Types of Die Casting Dies
Which type of die cast is best for you?
There are several different types of die casting dies depending on the needs of the customer. The die casting die is determined by several parameters, such as the volume of parts required, sizes of the casting part, desirability of core slides, cast-inserts requirements, and requirements for a “family” set of parts.
Prototypes are usually requested by the client to manufacture a small amount of die castings under production conditions. These types of dies enable meticulous testing and market exposure before the customer has to commit to full production dies. To get a precise die cast characteristics only production from an actual die casting will yield a part. There are many strategies and methods that can be used to approximate a die cast part for eventual production die casting.
Rapid Tooling Dies
Rapid Tooling is the process of creating dies and inserts in a method which provides a shorter lead time than the conventional method of heat treating, rough machining, and finish machining. Processes used for rapid tooling include methods like RSP (rapid solidification process), LENS (Laser Engineered Net Shaping), EBM (Electron Beam Melting), DMD (Direct Metal Deposition), and KTEL. These methods produce tools that can be used as a prototype or production dies.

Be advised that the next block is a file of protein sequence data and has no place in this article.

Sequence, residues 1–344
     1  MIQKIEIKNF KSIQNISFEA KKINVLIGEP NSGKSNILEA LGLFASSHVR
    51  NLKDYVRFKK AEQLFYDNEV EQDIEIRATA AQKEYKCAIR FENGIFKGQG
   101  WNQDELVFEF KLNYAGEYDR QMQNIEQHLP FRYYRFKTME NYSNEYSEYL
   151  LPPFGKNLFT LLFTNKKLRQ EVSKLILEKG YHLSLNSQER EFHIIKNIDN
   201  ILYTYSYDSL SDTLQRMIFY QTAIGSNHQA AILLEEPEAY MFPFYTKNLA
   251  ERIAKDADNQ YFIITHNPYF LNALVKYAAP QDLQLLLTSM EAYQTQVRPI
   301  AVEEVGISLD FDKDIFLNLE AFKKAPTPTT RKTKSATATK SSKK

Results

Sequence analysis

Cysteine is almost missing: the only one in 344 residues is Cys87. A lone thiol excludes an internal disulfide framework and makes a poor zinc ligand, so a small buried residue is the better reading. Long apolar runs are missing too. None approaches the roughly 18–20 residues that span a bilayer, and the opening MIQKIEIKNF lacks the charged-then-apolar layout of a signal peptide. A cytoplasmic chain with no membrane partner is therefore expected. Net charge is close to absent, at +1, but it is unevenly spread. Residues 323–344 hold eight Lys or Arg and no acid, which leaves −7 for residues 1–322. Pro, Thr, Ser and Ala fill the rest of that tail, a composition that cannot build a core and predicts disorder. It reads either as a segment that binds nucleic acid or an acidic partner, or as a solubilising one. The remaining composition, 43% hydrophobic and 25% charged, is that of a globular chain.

Production Dies range from single cavities with no slides to multiple cavities with multiple slides. They are the most common type of tool produced. High quality tool steel is used to make the cavities which are retained in a quality holder block. Production dies are produced to acute dimensions, coring the max amount of stock from the casting and allowing the agreed upon amount of machining.
A Unit Die is usually a low cost production tool which has a standardized main die frame and replaceable cavity units. The replaceable cavity units have the ability to be removed from the main die frame without the need to remove the standard frame from the diecast machine.
Trim Die is a tool that is used to trim overflows and flash from the diecasting part. This tool can be single or multi cavity and is made in the same configuration as the diecasting die. Trim dies require the use of quality material when designing like die casting tools in order to extend their production life.